The following article is copied from an article I wrote for CoinWeek and was published on April 21, 2015. Anyone interested in coins or currency should bookmark CoinWeek and read it weekly – great information and it is free.
By Rick Bretz for CoinWeek….
I like to compare this story to the “Wall of Greed” story. It’s similar in many ways, and in many other ways it’s just the opposite.
Most of the information in this article was developed with the assistance of Marc Michaelsen of Marc Michaelsen Inc. in Boca Raton, Florida. Marc was one of the currency dealers participating in the acquisition of the find. I tried contacting PCGS to gather additional information about who submitted the hoard, when it was submitted and how much was submitted, but it’s been three weeks and counting with no response from them.
In 2009, a contractor was remodeling a 1920s’ home in the Miami Beach area when he discovered a hoard of approximately 2,000 notes hidden in the wall behind a bathroom sink. The currency was wrapped in a cheesecloth material that was almost completely decayed and while some of the bills were damaged, many were in remarkably good shape given that they were endured the Florida heat, humidity and hurricane season for approximately 80 years. The hoard consisted of 1930s-era small size notes and certificates, most having been printed at the Atlanta Federal Reserve Bank. Many of the packs of $5 and $10 notes and silver certificates still had the original bank seals and were in Mint State condition.
A little background for younger readers is probably in order.
In the late 1920s and throughout the ’30s, the USA was suffering from the Great Depression. People had little faith in the banks as they failed in record numbers and regular folks lost their life savings. Many people stopped using banks and hid their money in houses and barns and even buried it for safekeeping. As a result, several hidden treasures have been uncovered during recent remodeling as witnessed by the 2006 “Wall of Greed Hoard” and 2009’s “Miami Beach Mansion Hoard”.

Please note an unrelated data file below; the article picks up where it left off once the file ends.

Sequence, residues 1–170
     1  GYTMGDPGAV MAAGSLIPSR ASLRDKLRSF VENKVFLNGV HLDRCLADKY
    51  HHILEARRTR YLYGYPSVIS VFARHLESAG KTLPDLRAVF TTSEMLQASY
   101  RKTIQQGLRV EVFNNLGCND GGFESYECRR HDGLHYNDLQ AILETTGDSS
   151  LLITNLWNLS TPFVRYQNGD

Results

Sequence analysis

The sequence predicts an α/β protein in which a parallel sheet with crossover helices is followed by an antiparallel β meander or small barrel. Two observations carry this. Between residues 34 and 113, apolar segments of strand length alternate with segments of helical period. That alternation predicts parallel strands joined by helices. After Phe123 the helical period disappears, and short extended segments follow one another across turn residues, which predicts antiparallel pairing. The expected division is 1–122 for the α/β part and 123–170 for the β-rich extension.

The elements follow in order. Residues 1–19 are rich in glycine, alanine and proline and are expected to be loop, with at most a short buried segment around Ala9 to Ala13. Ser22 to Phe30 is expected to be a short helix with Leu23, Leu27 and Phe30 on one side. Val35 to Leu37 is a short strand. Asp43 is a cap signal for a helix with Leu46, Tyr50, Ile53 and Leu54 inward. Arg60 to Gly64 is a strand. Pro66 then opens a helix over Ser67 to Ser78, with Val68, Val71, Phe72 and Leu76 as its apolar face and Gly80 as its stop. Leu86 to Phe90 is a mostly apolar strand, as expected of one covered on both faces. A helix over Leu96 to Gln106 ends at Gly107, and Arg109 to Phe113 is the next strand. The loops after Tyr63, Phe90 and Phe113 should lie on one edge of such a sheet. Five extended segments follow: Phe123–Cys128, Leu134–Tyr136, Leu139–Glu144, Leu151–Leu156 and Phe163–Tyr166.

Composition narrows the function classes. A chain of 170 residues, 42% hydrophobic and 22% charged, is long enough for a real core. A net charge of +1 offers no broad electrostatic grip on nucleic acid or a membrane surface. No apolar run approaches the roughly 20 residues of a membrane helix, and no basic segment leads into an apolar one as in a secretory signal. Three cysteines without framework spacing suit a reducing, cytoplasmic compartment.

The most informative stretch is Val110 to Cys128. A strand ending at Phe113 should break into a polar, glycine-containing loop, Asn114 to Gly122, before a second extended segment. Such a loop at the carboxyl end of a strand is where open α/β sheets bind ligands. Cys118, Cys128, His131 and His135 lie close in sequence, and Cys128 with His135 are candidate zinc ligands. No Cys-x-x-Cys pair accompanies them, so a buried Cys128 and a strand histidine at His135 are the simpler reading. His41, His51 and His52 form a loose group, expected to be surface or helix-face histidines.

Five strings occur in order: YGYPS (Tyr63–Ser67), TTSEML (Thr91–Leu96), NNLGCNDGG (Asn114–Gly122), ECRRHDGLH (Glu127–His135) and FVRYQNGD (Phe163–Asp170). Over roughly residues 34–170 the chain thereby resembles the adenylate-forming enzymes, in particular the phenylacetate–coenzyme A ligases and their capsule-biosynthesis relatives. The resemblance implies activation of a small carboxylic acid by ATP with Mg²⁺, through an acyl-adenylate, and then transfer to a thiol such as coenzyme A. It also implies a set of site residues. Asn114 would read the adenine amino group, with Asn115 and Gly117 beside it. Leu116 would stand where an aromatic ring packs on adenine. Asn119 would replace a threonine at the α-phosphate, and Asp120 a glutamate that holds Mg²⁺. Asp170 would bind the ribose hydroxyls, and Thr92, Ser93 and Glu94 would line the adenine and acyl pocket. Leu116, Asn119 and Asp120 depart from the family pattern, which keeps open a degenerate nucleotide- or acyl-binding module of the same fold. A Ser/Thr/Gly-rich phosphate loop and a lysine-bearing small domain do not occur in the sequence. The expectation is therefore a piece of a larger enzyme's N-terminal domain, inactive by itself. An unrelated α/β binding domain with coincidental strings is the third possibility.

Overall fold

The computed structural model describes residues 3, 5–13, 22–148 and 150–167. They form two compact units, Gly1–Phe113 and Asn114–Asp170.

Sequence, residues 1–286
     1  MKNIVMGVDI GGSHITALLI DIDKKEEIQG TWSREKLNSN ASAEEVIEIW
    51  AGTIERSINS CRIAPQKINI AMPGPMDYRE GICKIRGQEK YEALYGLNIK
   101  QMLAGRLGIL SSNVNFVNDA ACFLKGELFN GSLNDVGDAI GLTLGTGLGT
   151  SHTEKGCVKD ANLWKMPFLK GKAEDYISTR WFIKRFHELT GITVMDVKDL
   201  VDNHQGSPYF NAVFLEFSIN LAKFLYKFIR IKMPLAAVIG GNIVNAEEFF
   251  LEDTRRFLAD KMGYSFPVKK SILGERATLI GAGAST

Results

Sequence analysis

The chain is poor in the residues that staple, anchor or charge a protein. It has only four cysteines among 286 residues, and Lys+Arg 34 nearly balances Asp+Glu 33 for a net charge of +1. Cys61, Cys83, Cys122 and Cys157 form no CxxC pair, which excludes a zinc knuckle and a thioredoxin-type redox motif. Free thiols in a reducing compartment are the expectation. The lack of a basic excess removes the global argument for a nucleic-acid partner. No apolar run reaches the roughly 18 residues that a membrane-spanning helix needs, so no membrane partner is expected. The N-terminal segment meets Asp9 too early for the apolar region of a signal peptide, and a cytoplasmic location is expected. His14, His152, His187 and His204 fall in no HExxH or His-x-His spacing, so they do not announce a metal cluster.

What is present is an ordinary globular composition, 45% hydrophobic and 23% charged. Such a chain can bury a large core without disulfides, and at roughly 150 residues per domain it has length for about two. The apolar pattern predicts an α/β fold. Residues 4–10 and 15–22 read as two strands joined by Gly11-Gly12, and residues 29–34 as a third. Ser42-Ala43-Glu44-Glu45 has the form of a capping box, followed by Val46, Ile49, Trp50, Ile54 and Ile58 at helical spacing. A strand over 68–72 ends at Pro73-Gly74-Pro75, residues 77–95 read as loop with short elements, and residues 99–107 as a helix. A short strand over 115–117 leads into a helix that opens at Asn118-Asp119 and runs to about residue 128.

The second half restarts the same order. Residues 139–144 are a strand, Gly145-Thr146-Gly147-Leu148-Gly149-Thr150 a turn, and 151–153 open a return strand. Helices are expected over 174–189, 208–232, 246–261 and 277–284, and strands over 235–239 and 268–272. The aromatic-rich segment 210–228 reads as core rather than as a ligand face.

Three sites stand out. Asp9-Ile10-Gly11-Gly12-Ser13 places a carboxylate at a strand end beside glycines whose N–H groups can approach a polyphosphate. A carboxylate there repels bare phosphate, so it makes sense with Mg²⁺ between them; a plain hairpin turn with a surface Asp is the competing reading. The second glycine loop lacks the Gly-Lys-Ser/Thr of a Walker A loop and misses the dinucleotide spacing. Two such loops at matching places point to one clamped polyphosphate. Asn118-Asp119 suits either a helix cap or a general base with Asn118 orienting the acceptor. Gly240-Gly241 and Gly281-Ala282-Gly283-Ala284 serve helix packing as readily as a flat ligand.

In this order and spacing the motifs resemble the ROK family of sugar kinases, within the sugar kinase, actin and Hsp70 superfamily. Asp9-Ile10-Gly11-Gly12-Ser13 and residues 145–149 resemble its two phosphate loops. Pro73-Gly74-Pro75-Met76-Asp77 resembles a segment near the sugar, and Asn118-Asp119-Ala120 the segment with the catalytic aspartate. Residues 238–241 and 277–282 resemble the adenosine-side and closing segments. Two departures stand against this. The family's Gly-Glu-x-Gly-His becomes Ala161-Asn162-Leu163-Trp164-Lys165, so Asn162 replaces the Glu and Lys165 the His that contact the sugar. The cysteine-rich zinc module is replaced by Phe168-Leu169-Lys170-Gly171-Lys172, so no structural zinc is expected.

In this case, the contractor notified the homeowner of the find and, surprisingly, the Miami house was still owned by the family of the original owner, but three generations removed. Apparently, the grandparents hid the money in the wall without telling their children, who later inherited the house. In time, the grandchildren became the owners and lived there, not knowing of the currency hidden in the bathroom wall until the contractor discovered the treasure.
The grandchildren realized that the currency might have a collectible value so they explored channels to sell the find. Ultimately, the Miami Beach find was purchased by David Manley (Currency House Inc. in Deltona FL) and Marc Michaelsen (Marc Michaelsen Inc. in Boca Raton FL). PCGS was the authenticating agency for the hoard and PCGS labeled one set as the “Miami Beach Mansion Hoard” and the other as the “Miami Beach Hoard”. Collectors should note that regardless of the difference in labeling, both sets of currency came from the same Miami Beach find–the only difference being the two dealers that were involved.
The homeowner rewarded the contractor for his honesty by sharing the proceeds of the find with him.
And now you can see why I like to compare the “Wall of Greed” and its confrontation with “Miami Beach” and its cooperation.